The flying, of course, was superb. Each day, the airshow opens with the Liberty Parachute Team (mostly older folks, by the way) and the National Anthem. The Liberty guys deploy Old Glory, accompanied by other flags, such as the POW symbol. As they descend, streaming smoke, flags waving proudly, they are circled by someone like Bob Wagner in his 1929 Waco, and it's hard not to feel the patriotism welling inside. Each day, and especially on the weekend, the warbirds put on some really emotive flying, complete with pyrotechnics. It's hard to describe the sound of Merlin Music, Allison Aria, Wright Symphony and Pratt & Whitney Rhumba as the great formations and multiple passes filled the skies. And then, it's Airshow Time! This year saw a greater emphasis on high-performance aircraft like the Extra 300 and SU-29, especially since Gene Littlefield and his big old round-engined, smoke-belching biplane retired. Bob Younkin again demonstrated what can be done with a Beech 18 in the right hands. The French Connection had to omit their signature mirror image, canopy-to-canopy 360-degree turn to avoid no fly areas east of the show line, but their close formation snap-roll was a real heart-stopper and their lyrical routine retains its smooth majesty. This year, two of the most dynamic airshow performers--Sean D. Tucker (Challenger Special Pitts) and Patty Wagstaff (Extra 300)--did a magnificent dueling duet, as well as their own solo routines. They, too, just seem to get better and better every year. Gene Soucy (Extra 300) and Bob Davis (Sukhoi) were excellent, and I always enjoy watching the mastery of Wayne Handley (Raven). Wayne is probably the father (grandfather?) of the gyroscopic maneuver, and taught the likes of Sean D. Tucker how to make an airplane do seemingly impossible things. Speaking of elder statesmen, Bob Hoover still has the touch, putting his Shrike Commander through his famous Energy Management routine flawlessly. The Northern Lights (Extra 300s) has become a premier airshow act, back to four aircraft following #4's training accident earlier this year. Delmar Benjamin continues to delight crowds with his GB, as does Bill Beardsley in the Bud Lite BD-5J Microjet. Oscar Boesch flew an elegant, swirling glider routine, a reminder that quietly turning potential energy into kinetic energy can be a thing of beauty. (If you are interested, I have about 40 minutes of air show highlights on tape).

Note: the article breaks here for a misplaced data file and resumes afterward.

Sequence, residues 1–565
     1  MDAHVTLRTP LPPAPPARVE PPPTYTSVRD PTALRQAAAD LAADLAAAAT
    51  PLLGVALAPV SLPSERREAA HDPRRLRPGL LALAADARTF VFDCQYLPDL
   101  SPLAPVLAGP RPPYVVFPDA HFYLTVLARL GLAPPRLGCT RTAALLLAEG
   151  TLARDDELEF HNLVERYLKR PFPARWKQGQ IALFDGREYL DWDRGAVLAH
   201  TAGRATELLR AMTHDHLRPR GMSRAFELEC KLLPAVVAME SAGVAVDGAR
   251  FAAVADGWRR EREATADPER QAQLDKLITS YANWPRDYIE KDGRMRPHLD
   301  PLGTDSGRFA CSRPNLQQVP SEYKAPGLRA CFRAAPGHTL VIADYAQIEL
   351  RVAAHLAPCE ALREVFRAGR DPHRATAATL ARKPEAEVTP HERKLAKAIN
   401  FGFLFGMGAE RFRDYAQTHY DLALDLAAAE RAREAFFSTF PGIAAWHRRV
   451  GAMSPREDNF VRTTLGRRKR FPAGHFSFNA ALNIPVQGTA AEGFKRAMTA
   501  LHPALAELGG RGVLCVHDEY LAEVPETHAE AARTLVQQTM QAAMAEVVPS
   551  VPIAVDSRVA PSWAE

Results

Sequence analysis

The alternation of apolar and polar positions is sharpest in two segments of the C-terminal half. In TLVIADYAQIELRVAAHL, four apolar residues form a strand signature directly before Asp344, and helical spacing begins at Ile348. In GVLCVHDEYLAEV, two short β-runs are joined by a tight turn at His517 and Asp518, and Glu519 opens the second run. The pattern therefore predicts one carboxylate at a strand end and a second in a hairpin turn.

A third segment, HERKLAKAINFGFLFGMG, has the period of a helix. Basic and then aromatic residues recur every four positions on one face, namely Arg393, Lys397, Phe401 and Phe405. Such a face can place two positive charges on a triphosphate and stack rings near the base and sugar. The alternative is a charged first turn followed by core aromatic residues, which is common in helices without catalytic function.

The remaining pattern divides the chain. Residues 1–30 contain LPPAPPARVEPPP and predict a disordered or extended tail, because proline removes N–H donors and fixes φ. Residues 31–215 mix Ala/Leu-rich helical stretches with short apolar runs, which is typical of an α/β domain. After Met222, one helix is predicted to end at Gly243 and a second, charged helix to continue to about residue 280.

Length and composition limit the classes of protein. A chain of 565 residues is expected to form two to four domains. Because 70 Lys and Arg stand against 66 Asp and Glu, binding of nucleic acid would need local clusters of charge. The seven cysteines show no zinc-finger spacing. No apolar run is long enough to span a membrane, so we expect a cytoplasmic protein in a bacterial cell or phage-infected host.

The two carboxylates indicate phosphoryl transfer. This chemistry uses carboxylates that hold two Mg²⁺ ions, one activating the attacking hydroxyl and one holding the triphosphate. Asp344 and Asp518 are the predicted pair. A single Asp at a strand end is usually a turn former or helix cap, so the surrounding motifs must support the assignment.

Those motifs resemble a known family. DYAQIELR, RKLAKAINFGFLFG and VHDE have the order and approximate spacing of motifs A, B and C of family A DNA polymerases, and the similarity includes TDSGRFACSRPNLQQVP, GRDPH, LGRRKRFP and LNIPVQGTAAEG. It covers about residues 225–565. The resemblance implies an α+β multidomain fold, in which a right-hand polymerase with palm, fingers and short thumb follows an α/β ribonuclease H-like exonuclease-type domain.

Oshkosh is also a place to hear the famous, gifted, clever, knowledgeable, and funny speak on subjects ranging from how to bend sheet metal to what it's like to fly hypersonic test aircraft, and just about everything in between. This year, I elected to spend more time wandering around flying machines and didn't attend any of the seminars. Too many things to do and too little time...There's always next year.